Mosquetín tamped wool blankets almost exclusively, and occasionally work clothes or other garments used for the rain, such as capes or leggings. These type of fabrics received the generic name of xerga or burel.

The process of tamping could last more or less time depending on the quality of the wool. If it was good, of merino sheep, 28 hours were enough. If was of lesser quality, it could take up to 48 hours.

During the process it was necessary to make sure that the blankets remained wet and to turn them regularly to prevent the garments from sticking. This operation was called “vira o batán” (turn the fulling mill). Once the process was finished, the cloths were removed and dried out in the sun on the bushes surrounding Mosquetín. By the end of the process, the blankets would shrink and could lose up to 15% of their weight or more.

Manta de la abatanada.
Capa de la abatanada para a choiva.

Tamping did not occur year round, rather only between the months of October and April, taking advantage of the moment when the river had a stronger current. The best time was spring, because the fabric came out better. In winter, on the contrary, the blankets lost too many filaments.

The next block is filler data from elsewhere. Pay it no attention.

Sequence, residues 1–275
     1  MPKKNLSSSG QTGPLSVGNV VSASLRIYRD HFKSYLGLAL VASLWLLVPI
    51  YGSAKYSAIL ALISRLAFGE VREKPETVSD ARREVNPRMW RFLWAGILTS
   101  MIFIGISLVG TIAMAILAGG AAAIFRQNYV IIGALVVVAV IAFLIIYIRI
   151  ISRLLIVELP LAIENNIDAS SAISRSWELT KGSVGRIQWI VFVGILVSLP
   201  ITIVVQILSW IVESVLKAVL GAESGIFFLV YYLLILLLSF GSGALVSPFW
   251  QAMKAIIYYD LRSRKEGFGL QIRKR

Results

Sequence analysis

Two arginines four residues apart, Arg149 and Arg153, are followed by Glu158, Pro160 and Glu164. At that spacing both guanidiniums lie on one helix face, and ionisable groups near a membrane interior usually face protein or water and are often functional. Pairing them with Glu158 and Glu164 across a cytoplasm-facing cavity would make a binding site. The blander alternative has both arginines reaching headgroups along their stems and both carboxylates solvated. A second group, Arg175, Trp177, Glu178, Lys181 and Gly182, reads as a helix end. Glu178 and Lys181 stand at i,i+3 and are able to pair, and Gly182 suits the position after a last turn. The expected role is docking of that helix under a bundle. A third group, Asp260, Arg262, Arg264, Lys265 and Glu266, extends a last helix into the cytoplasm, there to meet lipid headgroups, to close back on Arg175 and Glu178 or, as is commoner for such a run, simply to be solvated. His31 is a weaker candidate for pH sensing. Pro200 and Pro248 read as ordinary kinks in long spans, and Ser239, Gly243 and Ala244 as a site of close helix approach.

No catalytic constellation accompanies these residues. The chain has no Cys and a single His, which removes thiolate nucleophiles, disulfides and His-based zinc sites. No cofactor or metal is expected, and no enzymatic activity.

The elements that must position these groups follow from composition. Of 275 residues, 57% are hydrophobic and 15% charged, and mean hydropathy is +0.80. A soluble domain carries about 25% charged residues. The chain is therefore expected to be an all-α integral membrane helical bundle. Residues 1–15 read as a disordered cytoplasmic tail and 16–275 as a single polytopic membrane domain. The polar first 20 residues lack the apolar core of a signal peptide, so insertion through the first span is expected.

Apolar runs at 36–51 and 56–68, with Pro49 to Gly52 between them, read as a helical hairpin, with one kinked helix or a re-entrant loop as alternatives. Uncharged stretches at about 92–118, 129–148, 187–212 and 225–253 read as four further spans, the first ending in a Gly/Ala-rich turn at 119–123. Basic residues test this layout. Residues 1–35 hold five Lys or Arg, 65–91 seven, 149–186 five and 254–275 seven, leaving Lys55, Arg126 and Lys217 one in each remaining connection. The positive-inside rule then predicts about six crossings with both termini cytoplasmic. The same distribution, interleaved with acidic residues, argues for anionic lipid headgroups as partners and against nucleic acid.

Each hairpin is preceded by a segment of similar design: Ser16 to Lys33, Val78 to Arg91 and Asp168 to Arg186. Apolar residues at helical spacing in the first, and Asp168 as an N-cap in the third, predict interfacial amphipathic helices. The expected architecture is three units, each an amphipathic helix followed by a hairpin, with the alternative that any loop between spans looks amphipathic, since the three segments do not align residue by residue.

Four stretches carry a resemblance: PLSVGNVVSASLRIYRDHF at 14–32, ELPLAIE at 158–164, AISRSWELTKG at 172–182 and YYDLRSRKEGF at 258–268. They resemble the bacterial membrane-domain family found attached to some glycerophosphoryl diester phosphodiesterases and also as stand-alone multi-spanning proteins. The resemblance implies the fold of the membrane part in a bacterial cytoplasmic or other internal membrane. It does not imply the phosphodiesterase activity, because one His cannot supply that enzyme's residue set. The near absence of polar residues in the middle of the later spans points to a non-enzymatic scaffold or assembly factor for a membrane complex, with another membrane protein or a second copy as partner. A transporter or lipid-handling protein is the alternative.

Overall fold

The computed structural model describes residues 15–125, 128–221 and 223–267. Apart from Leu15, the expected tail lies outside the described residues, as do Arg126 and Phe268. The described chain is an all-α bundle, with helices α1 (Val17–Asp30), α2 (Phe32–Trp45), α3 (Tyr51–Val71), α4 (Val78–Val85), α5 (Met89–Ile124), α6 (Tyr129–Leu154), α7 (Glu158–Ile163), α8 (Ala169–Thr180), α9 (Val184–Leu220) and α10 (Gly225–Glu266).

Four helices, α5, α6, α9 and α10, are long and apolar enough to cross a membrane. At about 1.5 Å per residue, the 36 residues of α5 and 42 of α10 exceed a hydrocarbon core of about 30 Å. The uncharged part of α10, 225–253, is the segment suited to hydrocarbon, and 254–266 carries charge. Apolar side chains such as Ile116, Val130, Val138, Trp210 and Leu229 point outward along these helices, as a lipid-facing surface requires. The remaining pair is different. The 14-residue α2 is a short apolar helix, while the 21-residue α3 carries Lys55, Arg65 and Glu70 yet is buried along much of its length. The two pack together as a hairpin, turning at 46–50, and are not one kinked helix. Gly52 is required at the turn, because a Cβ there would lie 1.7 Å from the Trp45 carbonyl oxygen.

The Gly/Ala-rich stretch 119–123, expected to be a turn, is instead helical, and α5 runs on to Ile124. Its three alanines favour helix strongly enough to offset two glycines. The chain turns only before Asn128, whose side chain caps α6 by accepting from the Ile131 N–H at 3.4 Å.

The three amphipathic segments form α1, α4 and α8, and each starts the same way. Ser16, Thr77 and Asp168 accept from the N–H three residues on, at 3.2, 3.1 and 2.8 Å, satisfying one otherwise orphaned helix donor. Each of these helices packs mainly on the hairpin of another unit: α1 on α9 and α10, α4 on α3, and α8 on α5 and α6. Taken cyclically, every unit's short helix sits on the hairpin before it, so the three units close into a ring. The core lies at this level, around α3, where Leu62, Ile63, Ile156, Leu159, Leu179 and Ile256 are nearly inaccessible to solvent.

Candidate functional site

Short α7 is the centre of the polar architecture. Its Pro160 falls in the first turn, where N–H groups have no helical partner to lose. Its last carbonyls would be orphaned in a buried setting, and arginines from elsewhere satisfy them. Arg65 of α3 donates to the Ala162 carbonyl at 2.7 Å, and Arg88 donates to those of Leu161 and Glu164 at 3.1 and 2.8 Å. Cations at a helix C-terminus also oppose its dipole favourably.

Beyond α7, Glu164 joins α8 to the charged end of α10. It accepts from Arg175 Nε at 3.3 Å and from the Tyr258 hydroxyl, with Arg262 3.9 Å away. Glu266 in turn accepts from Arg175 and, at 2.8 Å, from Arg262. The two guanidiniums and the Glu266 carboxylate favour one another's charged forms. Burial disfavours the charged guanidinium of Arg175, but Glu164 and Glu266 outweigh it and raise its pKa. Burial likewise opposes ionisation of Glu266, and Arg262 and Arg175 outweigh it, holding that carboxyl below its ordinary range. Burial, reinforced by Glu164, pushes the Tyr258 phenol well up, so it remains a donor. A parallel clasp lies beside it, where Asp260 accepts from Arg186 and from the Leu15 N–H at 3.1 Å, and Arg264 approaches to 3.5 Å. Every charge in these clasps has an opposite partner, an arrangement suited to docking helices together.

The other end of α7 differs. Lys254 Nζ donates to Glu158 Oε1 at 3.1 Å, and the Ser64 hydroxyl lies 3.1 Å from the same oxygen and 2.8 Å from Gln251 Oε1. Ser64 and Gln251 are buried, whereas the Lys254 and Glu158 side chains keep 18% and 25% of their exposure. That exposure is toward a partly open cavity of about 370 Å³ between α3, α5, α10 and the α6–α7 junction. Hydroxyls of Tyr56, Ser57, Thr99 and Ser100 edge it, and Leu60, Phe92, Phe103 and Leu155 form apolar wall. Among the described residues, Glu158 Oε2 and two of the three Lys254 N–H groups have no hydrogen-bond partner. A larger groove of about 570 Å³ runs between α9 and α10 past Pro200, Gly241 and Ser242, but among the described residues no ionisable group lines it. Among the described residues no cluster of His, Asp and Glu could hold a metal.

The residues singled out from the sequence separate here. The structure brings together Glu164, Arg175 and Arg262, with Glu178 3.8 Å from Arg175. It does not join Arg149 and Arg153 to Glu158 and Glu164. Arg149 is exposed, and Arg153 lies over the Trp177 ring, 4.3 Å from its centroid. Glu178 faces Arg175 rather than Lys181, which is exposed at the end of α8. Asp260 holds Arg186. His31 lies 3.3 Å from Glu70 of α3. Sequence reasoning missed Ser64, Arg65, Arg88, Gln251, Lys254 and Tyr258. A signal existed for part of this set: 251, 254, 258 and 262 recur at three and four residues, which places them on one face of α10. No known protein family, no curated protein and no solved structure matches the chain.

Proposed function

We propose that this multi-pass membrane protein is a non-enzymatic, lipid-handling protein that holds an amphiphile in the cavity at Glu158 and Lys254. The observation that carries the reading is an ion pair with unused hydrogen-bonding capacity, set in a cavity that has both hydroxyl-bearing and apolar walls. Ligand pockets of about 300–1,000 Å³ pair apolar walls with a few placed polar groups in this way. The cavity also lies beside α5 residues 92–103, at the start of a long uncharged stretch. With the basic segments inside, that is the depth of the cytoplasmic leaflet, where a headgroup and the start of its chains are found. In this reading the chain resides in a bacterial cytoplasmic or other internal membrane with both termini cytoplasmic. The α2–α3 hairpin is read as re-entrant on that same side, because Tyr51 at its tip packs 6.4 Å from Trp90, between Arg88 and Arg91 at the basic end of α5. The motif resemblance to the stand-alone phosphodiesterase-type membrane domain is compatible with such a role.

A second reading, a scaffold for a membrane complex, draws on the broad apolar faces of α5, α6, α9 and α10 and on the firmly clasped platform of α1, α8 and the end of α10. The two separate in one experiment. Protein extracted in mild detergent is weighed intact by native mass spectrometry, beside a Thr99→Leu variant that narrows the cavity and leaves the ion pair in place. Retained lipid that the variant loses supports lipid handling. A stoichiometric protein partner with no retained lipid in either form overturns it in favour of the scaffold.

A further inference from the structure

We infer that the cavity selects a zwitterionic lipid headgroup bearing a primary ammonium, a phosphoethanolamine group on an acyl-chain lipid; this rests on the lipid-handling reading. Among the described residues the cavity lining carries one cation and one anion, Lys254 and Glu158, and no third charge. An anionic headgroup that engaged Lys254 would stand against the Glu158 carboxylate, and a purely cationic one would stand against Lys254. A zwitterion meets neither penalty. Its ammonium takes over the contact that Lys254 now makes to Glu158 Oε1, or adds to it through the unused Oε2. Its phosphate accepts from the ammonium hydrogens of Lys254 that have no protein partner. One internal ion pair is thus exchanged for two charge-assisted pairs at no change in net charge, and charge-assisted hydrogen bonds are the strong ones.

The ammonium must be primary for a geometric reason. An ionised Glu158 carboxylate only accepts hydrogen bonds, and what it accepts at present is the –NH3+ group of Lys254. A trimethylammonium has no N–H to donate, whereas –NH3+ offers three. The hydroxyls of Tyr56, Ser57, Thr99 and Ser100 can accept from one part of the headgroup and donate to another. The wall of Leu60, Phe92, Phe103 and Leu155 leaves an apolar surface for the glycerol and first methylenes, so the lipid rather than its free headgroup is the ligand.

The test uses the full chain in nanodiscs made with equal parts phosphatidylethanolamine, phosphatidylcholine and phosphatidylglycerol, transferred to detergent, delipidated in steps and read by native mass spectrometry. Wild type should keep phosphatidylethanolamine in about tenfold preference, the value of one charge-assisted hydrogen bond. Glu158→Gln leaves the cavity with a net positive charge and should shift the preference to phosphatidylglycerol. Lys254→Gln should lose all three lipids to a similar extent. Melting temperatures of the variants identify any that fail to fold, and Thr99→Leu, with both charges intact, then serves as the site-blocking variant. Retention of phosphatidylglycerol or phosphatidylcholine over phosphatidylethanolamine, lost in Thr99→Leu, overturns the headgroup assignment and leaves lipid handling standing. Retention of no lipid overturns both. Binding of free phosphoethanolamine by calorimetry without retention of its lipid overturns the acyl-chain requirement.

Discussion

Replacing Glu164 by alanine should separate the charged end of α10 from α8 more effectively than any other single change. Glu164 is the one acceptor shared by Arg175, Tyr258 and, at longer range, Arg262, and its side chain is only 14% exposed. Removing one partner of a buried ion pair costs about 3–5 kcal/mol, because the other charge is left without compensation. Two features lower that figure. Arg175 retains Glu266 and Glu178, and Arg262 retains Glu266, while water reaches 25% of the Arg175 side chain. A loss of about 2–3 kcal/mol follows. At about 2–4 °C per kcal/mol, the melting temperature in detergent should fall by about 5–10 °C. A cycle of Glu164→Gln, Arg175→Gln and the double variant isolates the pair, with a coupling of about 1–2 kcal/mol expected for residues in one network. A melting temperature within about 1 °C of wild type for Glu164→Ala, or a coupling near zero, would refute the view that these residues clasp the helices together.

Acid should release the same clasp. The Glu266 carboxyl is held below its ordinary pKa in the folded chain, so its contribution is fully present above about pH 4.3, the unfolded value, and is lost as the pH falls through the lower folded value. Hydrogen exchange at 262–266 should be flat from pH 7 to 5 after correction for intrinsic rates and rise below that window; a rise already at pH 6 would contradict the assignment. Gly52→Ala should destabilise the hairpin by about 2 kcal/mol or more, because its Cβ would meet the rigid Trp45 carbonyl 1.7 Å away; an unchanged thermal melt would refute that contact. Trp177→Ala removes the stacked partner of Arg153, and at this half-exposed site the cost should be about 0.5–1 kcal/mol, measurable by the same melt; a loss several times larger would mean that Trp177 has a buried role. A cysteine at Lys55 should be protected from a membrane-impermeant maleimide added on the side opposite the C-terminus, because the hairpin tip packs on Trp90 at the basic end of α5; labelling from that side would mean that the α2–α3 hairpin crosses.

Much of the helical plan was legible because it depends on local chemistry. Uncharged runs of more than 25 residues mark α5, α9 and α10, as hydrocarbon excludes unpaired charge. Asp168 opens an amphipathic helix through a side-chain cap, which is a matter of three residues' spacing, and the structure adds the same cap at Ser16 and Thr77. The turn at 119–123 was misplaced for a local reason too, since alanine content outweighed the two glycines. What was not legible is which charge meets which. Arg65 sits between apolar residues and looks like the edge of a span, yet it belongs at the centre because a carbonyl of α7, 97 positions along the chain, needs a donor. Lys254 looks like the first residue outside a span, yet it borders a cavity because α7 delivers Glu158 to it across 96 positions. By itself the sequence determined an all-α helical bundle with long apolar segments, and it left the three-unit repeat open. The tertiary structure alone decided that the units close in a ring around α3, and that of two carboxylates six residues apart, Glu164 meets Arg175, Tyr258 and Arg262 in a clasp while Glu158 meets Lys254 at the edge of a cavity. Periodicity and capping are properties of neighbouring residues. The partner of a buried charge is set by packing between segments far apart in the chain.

In Mosquetín it was customary to bring the blankets to the neighboring fair of Baio, one of the most important in the region, which was held on the third Sunday of the month. Sometimes they were brought by muleteers from the land of Xallas, who returned to pick them up at the fair the following month. The payment, unlike in the mills, was done with money.

Detalle do tecido dunha capa de la abatanada para a choiva.
Proceso de abatanado. Fotograma do documental Os batáns do Mosquetín, un conxunto etnográfico singular. Minuto 6.20